'Soil Physical Quality'
2-4 Oct 2003
organizers: Prof. Anthony R. Dexter,
Assoc. Prof. Ewa A.Czyz
The international workshop on "Soil Physical Quality" was organised by the EC Centre of Excellence PROLAND in IUNG, Pulawy, Poland from 2 - 4 October 2003 with 39 registered participants including 12 from abroad. The workshop included three working groups: A - "Soil structure, stability and soil mechanics"; B - "Soil hydraulic properties"; C - "Soil management and organic matter"
Working group A identified a range of practical soil problems in the field that are associated with soil structure: wind and water erosion, loss of organic matter, loss of stability, sealing and crusting, compaction, insufficient aeration, stratification, pore continuity, rootability and workability. It was stressed out that research in the filed should be done as much possible in collaboration with pedologists , while the laboratory experiments should provide more good data on soil porosity and pore continuity, soil structural stability, the strength of soil aggregates, shear strength and soil compressibility. It was pointed out that a current barrier to progress is the lack of accepted standard methods for the measurement of many soil physical properties. Discussion led to the conclusion that undisturbed soil generally has a more favourable structure and physical properties than soil that has been disturbed To reduce the problem in the field soil should be disturbed as little as possible. However, some tillage is still needed to control weeds and plant pathogens.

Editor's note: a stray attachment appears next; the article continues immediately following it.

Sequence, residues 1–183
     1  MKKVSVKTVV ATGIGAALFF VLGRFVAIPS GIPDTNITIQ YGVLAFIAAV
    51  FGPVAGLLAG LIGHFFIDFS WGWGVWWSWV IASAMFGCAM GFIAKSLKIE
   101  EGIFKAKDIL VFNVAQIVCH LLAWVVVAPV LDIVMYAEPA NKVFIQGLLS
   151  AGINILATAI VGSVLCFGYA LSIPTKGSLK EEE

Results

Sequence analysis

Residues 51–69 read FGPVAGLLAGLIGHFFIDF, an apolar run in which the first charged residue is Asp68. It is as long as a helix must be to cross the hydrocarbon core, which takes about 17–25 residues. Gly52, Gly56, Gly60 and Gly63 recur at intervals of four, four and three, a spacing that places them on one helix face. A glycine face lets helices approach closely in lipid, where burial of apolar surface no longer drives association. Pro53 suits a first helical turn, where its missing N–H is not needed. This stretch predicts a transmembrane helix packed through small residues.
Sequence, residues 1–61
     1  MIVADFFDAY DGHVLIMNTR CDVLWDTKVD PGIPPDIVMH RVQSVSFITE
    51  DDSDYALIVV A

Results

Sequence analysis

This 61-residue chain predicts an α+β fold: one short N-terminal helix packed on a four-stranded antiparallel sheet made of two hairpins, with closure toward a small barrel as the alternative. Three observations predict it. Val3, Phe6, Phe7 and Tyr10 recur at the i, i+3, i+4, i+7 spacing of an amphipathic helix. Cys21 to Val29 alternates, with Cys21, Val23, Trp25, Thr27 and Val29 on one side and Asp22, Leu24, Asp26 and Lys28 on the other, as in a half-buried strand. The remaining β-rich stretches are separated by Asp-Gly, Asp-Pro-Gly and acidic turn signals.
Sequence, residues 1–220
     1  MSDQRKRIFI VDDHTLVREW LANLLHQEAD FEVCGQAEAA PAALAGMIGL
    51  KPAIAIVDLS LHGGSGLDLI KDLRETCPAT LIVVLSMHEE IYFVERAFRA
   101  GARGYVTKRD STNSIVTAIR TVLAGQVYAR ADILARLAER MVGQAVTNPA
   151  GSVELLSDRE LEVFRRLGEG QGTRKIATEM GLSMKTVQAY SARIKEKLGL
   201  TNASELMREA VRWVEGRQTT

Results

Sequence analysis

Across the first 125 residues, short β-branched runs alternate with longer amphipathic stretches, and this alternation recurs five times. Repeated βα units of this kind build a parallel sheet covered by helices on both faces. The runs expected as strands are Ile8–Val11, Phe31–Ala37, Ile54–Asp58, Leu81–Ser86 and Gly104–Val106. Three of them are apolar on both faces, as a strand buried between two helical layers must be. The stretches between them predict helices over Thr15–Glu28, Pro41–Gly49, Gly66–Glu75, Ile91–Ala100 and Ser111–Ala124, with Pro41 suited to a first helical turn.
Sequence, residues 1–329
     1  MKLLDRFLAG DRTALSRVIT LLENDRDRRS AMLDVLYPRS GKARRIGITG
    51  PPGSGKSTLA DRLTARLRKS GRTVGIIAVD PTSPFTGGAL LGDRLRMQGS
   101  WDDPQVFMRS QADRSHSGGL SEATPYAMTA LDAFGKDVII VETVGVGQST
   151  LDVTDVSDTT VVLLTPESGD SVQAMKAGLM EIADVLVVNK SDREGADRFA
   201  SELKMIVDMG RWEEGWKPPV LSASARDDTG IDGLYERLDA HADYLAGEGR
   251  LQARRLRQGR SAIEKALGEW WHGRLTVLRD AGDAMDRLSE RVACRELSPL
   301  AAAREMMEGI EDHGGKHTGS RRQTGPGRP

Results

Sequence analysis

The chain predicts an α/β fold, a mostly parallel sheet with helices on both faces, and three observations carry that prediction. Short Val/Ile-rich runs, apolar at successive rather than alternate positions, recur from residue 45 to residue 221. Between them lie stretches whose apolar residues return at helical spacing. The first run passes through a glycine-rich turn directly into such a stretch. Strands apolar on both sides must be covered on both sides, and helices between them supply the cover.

Working group B reached four principal conclusions: - The principal problems in soil hydraulics are generally identical in all the countries represented; - Solution of these problems will be achieved through close cooperation in studies involving quantitative soil micromorphology and research on the hydrostatics and hydrodynamics of the soil pore system; - The pedotransfer functions developed have to include a well-defined value on the soil water retention curve; - For broader use and for applications of soil hydraulic properties, the working group recommended the building-up of a database involving as many countries as possible. The system should contain the directly measured values of soil hydraulic properties together with the associated soil-site information.
Working group C recognized that organic matter is beneficial for soil physical quality but noted that many countries are reporting declining levels of soil organic matter. Measurement of the total amount of soil organic matter is not easy because of stratification and mixing effects. Carbon sequestration was considered to be good for the soil, however, it is predicted not to have much impact on atmospheric levels of CO2 (a greenhouse gas). Some problems were identified with existing measurement facilities and techniques as well as factors limiting scientific progress in this field. New technologies were recognized which could be valuable in improving the soil organic matter status and hence the soil physical quality. Some factors limiting scientific progress were discussed.
Workshop materials are available on request at: email@example.com